Last time, we crafted a function that would turn on an LED for a very short and precise amount of time. At the heart of this function was the code to figure out how many loop iterations we needed. Since each loop takes 3 cycles, we needed to divide the total delay by 3 to get the number of iterations. Then we needed to find the remainder of that division to find out how many cycles we left over after the loops. We’d use the remainder to select one of thee versions of the looping code, where each version has the appropriate number of cycles added at the end. The pseudo code looks something like this…
count = cycles/3 // integer math will round down to nearest whole remainder = cycles - (count*3) switch (remainder) { case 0: // no remainder loop count times done case 1: // we need to waste one extra cycle loop count times waste 1 cycle done case 2: // we need to waste 2 cycles loop count times waste 2 cycles done
This looks very simple and it is, but there is a lot of work hidden in there. It turns out that computers as small as the ATTINY used in the Ognite do not know how to multiplication and division.
There are various ways to do multiplication and division by breaking them down to a series of additions and subtractions or using very fancy binary math operations. If we look at the instructions actually generated by the compiler for our divide and multiply, there is a lot of complicated stuff going on here…
byte loopcounter = cycles/ (byte) 3; // TODO: either do faster bit compute here, or store dividends and remainder in lookup ae: 82 2f mov r24, r18 b0: 90 e0 ldi r25, 0x00 ; 0 b2: 6b ea ldi r22, 0xAB ; 171 b4: 70 e0 ldi r23, 0x00 ; 0 b6: 4d d0 rcall .+154 ; 0x152 <__mulhi3> b8: 96 95 lsr r25 byte remainder = cycles - (loopcounter*3); // THis is how many cycles we need to pick up the slack to make up for the granularity of the loop ba: 89 2f mov r24, r25 bc: 88 0f add r24, r24 be: 88 0f add r24, r24 c0: 59 2f mov r21, r25 c2: 58 1b sub r21, r24 c4: 85 2f mov r24, r21 c6: 82 0f add r24, r18 00000152 <__mulhi3>: 152: 55 27 eor r21, r21 154: 00 24 eor r0, r0 00000156 <__mulhi3_loop>: 156: 80 ff sbrs r24, 0 158: 02 c0 rjmp .+4 ; 0x15e <__mulhi3_skip1> 15a: 06 0e add r0, r22 15c: 57 1f adc r21, r23 0000015e <__mulhi3_skip1>: 15e: 66 0f add r22, r22 160: 77 1f adc r23, r23 162: 61 15 cp r22, r1 164: 71 05 cpc r23, r1 166: 21 f0 breq .+8 ; 0x170 <__mulhi3_exit> 168: 96 95 lsr r25 16a: 87 95 ror r24 16c: 00 97 sbiw r24, 0x00 ; 0 16e: 99 f7 brne .-26 ; 0x156 <__mulhi3_loop> 00000170 <__mulhi3_exit>: 170: 95 2f mov r25, r21 172: 80 2d mov r24, r0 174: 08 95 ret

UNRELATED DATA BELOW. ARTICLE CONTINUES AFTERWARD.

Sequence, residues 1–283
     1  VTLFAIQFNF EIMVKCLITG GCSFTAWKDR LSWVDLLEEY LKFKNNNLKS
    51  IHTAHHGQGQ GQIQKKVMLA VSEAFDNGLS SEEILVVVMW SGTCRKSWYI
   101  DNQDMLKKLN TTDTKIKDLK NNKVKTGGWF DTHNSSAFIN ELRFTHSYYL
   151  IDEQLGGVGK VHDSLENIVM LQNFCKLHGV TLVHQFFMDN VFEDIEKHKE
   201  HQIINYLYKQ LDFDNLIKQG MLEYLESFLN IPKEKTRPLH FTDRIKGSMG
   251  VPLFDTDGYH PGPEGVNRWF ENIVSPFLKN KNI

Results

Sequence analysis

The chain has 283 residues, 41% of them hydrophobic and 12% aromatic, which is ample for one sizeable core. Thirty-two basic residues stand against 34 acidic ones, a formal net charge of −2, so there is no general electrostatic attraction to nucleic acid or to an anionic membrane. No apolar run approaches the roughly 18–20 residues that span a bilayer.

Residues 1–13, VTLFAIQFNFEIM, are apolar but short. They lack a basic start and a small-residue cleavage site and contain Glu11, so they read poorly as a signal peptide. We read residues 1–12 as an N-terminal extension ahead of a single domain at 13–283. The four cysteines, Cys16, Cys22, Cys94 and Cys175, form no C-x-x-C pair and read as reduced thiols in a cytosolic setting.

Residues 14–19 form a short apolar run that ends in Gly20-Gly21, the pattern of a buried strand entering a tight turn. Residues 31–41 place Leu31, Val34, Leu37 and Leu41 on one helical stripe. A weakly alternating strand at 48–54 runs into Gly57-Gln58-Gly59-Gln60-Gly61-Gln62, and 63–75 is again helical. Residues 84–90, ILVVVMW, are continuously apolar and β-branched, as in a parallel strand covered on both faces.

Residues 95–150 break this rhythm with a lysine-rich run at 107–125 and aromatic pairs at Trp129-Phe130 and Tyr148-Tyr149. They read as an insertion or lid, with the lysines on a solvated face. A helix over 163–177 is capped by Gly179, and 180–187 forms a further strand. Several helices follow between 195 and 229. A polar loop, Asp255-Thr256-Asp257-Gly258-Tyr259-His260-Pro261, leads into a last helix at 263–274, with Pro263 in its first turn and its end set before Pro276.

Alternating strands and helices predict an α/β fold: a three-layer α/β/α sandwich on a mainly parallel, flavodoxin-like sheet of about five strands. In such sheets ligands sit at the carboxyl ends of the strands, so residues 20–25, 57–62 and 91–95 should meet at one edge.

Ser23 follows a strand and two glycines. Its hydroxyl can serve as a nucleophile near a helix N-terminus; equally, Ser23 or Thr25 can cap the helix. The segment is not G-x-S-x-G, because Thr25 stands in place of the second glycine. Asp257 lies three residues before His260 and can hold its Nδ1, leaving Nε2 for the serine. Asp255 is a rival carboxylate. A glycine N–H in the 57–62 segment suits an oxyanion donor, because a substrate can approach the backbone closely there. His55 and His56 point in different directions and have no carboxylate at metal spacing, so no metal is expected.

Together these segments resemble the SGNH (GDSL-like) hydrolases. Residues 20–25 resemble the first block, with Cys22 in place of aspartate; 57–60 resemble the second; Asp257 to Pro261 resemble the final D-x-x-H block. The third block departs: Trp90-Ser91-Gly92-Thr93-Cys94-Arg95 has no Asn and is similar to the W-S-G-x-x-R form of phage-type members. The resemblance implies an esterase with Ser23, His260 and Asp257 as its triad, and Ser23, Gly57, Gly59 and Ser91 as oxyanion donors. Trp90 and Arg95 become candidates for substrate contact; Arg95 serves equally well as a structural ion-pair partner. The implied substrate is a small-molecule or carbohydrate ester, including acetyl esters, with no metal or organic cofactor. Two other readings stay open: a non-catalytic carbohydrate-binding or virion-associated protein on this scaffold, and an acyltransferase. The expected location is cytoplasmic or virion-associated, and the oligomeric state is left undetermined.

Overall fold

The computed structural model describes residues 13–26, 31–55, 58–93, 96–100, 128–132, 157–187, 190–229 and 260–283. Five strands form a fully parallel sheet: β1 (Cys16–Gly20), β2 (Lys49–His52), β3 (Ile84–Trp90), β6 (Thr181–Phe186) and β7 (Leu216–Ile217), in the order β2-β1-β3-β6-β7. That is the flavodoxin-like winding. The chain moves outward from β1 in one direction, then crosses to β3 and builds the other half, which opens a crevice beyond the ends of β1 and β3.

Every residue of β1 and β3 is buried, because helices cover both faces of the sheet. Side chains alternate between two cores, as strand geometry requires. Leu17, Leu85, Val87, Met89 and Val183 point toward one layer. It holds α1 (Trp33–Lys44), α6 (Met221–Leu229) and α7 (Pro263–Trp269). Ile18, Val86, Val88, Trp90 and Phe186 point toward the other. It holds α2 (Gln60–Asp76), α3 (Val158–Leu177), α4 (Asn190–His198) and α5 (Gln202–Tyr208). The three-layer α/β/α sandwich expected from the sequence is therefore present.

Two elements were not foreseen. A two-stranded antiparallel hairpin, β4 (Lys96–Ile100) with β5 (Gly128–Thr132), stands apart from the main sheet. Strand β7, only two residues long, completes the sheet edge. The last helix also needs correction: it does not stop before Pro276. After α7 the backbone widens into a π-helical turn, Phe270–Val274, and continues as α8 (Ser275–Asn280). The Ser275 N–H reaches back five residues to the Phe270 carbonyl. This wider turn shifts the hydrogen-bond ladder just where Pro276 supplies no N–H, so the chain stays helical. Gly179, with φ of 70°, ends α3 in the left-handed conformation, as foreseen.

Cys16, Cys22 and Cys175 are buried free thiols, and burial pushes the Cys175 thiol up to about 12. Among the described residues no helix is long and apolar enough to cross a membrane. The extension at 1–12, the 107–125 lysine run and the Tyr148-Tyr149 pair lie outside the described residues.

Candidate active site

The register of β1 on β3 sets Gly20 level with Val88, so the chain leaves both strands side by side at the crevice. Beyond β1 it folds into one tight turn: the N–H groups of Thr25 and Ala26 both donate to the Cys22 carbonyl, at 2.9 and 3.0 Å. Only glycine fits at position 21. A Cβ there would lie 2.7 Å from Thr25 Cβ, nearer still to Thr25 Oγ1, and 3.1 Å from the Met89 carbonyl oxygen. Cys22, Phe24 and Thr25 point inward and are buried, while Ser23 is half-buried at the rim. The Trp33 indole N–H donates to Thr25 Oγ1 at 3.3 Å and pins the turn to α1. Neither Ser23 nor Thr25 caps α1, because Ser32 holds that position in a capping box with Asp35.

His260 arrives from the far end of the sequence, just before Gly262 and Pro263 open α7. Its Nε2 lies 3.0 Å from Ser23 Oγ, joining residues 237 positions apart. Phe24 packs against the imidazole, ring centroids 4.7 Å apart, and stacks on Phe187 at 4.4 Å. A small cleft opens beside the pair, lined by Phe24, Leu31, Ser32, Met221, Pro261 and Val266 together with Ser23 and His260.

Wow, dividing and multiplying by 3 is hard for a binary computer.
Turns out that multiplying and dividing by powers of 2 is very easy for a computer because in binary math these are just shifting bits up and down. Too bad we need to divide and multiply by 3. If only our loops took 4 cycles each pass…
Wait! What if we added an extra wasted cycle into each loop to make the total 4? This would mean that now we would need 4 cases for remainders and an extra instruction in each case’s loop. Normally we would never want to *add* more code, but in this case the little bit of code we add will eliminate a bunch of code elsewhere.
Here is the new generated code for dividing by 4 to find the loop count and remainder….
byte loopcounter = cycles/ (byte) 4; // Compiler should turn this into a shift operation 68: 98 2f mov r25, r24 6a: 96 95 lsr r25 6c: 96 95 lsr r25 byte remainder = cycles & 0x03 ; // AND with 0x03 will efficiently return the remainder of divide by 4 6e: 83 70 andi r24, 0x03 ; 3
Wow, that is so much shorter faster and and simpler! But we did have to add a bunch of other source code to pad out the loops and add new cases. Was it a win overall?
Divide by 3 | Divide by 4 | |
Size of source program | 195 lines | 236 bytes |
Size of generated code | 254 bytes | 244 bytes |
Execution test | 8.6ms | 5.0ms |
Yeay! We had to add a lot of lines to the program, but the resulting compiled code is both smaller and faster!